Our Party’s efforts were in vain and a majoritarian Constitution was enacted in 1972. This was repeated in 1978 when the Second Republican Constitution was enacted. It was only after the events of Black July 1983, when scores of unarmed Tamil civilians were killed across the country that India used its good offices, which was accepted by the Sri Lankan Government, to turn the tide and begin to correct the historic injustices against the Tamils. In 1987 the country turned towards the right direction, started acknowledging the diversity of its peoples by amending the Constitution. Provincial Councils were established so that those peoples who are numerically in the minority can exercise at least a measure of governance in the peripheries. Tamil was also made an official language along with Sinhala.
These first steps enabled us to re-enter the national life from which we had, until then, been excluded. Successive governments thereafter took further steps in this direction in order to fully settle the Tamil National Question: The Mangala-Moonesinghe Parliamentary Select Committee process under President Premadasa, the several proposals culminating in the Constitution Bill of August 2000 under President Chandrika Bandaranaike-Kumaratunga and the APRC process under President Mahinda Rajapaksa. During the final battle with the LTTE President Rajapaksa’s government repeatedly assured India and the rest of the international community that the Tamil National Question would be politically resolved after the war by means of greater devolution. The assurance given to India on at least 3 occasions was to ‘implement the Thirteenth Amendment in full and build upon it so as to achieve meaningful devolution.’ Full implementation of the Thirteenth Amendment also includes the full implementation of Tamil as an Official Language.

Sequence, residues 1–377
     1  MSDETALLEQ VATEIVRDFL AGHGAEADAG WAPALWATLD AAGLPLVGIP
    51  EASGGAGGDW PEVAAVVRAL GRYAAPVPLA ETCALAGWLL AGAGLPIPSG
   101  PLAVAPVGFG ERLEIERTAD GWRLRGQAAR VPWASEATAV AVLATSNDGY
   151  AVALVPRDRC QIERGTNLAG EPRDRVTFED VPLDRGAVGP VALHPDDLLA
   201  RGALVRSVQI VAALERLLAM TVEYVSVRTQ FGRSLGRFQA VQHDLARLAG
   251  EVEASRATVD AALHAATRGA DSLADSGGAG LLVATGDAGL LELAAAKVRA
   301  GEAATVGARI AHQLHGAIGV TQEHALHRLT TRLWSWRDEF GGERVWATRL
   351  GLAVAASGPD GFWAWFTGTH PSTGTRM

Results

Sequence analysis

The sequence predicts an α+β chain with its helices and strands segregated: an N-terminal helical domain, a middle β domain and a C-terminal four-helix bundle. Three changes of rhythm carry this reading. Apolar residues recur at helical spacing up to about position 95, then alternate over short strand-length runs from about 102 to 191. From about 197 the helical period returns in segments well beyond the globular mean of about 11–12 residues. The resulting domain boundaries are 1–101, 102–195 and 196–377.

After the Sirisena-Wickremesinghe government took office in 2015 a Resolution was passed unanimously in this House on 9th March 2016 to convert this House into a Constitutional Assembly. A great amount of work has been done by the Steering Committee and the several Sub Committees with the full participation of all the parties in Parliament including the UPFA. We have fully co-operated in this effort in order to finally settle this issue for the betterment of the country. Our people are still ready and willing to settle this question on the basis of a united, undivided, and indivisible country that recognizes the diversity and equality of its different peoples. To this end we welcome the President’s proposal that a new Constitution be enacted.
The last 30 years have seen the country making such positive efforts towards resolving issues that have plagued it since Independence by meaningfully acknowledging the plural nature of our polity. We still have some distance to go, and that is the direction we must continue in if the country is to prosper. Any deviation from that path will spell doom to us all.
I have heard many people close to the present government talk about the example of Singapore and how Singapore prospered while achieving national harmony among its citizens. Singapore is a great example, if we do not pick and choose what we like to see. It has 4 official languages and they sing their National Anthem in Malay, who are 15% of their population. Perhaps it is instructive to listen to Lee Kuan Yew, the father of modern Singapore:
“Ceylon was Britain’s model Commonwealth country. It had been carefully prepared for independence. After the war, it was a good middle sized country with fewer than 10 million people…When Ceylon gained independence in 1948, it was the classic model of gradual evolution to independence.
Alas, it did not work out. During my visits over the years, I watched a promising country go to waste. One-man-one-vote did not solve a basic problem. The majority of some eight million Sinhalese could always outvote the two million Tamils who had been disadvantaged by the switch from English to Sinhala as the official language. From having no official religion, the Sinhalese made Buddhism their national religion. As Hindus, the Tamils felt dispossessed”
“From Third World To First – The Singapore Story: 1965-2000″ published in 2000 by Times Media Private Limited and The Straits Times Press.
*Transcript of the speech made by M.A. Sumanthiran in Parliament today 07.01.2020